Peeking Out the Atheist Closet

Considering that the Holidays are upon us, I’ve been thinking of some of my relationships with my Family and Friends.  In regards to my relationship with my wife, most of the heated discussions surrounding religion have mostly calmed, however there will be obstacles later down the line that we will have to eventually tackle (I.E.: Me never becoming a Christian again, raising our children, being more open about being a non-believer), but we will cross those bridges when we get to them.

I have always wanted to host Thanksgiving at my house.  I somewhat view it as an act of stability and security to be able to host thanksgiving at your house.  For me personally when I think of the person who always hosted thanksgiving at their house (even in my family or others), I always thought of it as that person was the family patriarch or matriarch and the Head of the Family.

So in addition I’ve always look forward to blessing the thanksgiving dinner, but now I’m not sure if I should.  I’ve considered making a prayer, but not saying in Jesus name.  I’ve considered saying a quick speech, and letting my wife bless the food.  Or letting my pastor friend bless the food, if he shows up.  So this is a weird situation for me.

On another note, I’ve also been thinking about my relationship with my parents.  My mom knows I’m no longer a bible thumping Christian, but I’m not sure if she has a full grasp of my atheist side.  And on top of that, since we are having thanksgiving at our house this year, she is bringing her new Christian boyfriend who is a somewhat religious type.  So that might make for an awkward evening, if we end up on the conversation of religion.  No matter what, it’s going to make for an awkward evening, cause I think he is little too up in the clouds.  If that even makes any sense.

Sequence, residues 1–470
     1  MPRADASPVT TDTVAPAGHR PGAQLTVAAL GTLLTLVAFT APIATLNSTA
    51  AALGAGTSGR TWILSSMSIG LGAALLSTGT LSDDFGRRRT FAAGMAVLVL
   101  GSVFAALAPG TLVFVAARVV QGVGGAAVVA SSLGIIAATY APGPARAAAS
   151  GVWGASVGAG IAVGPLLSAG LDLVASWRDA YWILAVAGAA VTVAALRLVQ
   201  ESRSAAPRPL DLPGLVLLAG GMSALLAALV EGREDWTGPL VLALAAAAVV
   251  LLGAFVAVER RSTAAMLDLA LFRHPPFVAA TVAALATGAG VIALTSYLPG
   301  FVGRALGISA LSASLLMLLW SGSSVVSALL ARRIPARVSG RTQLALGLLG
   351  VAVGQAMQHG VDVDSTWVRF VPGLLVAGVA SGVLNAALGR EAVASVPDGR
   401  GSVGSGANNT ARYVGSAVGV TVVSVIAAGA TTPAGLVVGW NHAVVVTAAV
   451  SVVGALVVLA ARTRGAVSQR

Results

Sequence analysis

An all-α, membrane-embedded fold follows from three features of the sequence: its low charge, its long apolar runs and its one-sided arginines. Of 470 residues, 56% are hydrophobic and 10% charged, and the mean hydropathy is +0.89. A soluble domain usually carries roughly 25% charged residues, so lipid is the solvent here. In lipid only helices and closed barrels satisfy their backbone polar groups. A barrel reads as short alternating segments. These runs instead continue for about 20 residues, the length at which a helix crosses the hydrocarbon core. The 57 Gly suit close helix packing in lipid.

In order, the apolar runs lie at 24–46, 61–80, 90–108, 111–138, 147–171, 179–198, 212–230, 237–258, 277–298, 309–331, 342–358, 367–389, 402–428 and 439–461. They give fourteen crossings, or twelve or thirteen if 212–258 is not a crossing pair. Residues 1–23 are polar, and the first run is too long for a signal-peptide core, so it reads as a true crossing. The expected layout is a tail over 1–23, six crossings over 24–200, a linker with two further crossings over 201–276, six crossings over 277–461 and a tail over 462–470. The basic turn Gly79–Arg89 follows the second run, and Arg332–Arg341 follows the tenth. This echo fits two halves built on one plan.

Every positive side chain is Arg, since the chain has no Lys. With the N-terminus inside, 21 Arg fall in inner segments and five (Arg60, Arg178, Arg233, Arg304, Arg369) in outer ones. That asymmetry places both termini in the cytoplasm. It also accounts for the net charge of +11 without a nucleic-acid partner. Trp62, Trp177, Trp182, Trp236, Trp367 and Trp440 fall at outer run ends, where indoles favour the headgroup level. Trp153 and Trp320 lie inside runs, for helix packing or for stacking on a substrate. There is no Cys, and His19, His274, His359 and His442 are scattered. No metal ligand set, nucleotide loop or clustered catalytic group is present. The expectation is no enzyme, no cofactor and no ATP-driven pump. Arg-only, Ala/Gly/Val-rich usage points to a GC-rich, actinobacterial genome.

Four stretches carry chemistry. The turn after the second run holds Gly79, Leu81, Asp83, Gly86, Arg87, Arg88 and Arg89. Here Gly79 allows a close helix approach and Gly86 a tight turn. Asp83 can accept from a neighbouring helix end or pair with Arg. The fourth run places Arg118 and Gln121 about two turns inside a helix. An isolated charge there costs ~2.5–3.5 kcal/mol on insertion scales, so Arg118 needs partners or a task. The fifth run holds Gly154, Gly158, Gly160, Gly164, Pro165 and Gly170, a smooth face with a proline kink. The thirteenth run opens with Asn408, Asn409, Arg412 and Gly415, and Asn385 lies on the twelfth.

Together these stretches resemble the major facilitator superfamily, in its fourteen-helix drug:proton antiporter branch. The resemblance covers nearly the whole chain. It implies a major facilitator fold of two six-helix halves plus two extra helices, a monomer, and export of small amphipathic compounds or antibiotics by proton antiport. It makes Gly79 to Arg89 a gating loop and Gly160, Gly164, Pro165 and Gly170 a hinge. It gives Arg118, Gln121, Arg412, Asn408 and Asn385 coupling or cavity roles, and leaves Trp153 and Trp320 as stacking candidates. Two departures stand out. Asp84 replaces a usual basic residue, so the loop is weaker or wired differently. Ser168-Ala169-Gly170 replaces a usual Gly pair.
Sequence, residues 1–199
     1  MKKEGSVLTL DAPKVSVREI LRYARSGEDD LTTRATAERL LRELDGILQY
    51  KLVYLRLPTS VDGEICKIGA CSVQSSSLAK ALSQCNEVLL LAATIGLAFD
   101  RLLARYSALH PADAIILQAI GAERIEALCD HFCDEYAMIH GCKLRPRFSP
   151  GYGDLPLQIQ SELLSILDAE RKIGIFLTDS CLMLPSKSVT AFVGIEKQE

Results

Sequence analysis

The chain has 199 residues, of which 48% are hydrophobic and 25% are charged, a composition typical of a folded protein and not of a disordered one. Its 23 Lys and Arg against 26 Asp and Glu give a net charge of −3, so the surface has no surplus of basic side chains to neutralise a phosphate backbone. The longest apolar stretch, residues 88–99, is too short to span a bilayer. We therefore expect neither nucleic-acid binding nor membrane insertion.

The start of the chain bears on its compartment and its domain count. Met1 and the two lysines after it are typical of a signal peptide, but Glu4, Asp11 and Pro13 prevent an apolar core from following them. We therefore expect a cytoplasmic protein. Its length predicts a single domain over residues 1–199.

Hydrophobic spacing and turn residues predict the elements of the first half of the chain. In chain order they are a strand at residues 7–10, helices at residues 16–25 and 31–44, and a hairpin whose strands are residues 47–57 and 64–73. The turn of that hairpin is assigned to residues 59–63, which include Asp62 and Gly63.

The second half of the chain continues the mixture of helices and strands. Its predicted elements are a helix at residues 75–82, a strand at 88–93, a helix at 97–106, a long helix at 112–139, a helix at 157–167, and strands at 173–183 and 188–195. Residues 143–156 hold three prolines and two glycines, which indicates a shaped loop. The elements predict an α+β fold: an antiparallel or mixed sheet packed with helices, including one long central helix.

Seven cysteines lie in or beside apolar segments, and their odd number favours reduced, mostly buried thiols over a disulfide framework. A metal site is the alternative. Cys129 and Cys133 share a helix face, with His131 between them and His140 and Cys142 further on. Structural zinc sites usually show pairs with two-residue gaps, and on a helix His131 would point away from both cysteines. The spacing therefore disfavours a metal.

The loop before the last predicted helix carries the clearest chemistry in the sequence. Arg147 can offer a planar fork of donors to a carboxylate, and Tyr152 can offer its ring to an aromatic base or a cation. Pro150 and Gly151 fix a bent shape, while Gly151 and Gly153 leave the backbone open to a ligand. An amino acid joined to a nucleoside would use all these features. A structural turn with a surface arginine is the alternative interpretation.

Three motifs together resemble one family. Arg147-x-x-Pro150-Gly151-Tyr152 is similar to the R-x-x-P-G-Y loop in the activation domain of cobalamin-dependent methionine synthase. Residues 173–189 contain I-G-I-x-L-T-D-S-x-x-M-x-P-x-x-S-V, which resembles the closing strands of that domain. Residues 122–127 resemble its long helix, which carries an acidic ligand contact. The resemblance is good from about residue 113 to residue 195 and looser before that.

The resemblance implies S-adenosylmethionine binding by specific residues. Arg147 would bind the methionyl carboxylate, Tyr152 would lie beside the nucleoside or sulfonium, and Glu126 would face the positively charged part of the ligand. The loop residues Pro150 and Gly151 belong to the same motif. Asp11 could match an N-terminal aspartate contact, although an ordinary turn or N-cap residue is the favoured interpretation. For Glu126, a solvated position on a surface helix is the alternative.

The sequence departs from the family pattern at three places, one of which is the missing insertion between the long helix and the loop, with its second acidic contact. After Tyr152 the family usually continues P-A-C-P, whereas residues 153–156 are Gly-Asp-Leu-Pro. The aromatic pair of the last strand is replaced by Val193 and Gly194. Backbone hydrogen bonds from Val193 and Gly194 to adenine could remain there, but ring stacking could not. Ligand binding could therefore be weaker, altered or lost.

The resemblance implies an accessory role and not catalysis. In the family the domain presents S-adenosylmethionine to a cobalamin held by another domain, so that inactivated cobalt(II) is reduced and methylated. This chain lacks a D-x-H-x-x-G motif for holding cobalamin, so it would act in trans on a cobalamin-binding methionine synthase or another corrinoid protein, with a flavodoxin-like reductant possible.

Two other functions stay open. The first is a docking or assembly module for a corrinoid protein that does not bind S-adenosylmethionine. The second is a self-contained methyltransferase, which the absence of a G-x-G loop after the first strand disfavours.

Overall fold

Now for my Dad and Step-mom who themselves separated about three years ago; neither of them know that I am no longer a Christian.  So they are clueless as to what is going on.  As for my Dad, I don’t think it would bother him at all, because he is not the religious type.  To him God is something you do on Sunday morning.  And as for my step-mother, it will probably bother her the most out of everyone, considering she is very religious.  When I got saved in college, she was one of the first people I told because I knew she would be excited for me.

The reason I actually titled this post Peeking Out the Atheist Closet is because I have all these family & friend relations, that I have not told that I am an atheist.  I haven’t even told my best childhood friend in New Jersey.  So even though my wife, my pastor, and few close associates know, I feel like I am only peeking out the atheist closet.  I have not actually come out of it.

Just to illustrate,

I still fake it at work.  In fact several of my work colleagues referred to me as a ‘Man of God’ the other day.  And in fact my wife and I have a small group of friends we do bible study with on a somewhat consistent basis and I still fake it with them.  I’ve considered coming a little more out the closet and openingly telling the rest of the small group that I am no longer a Christian.  And to a degree I still fake it on facebook; I don’t put up things proclaiming that I am an atheist, but I don’t put up things that talk about Christianity anymore.  In fact, I would still say I’m in the process of becoming comfortable with the idea of labeling myself as an atheist in front of other people.  So this is why I say, I am still  peeking out the closet.

 

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About M. Rodriguez

When I first received Christ salvation, I made it a priority to read the whole bible and I did. But it was the Bible that made me question my faith. For I found it flawed and lacking. Due to this I launched a personal inquiry/investigation into my faith, and ultimately realized that the Christian God of the Bible was indeed man-made. Now I Blog about those findings and life after Christ.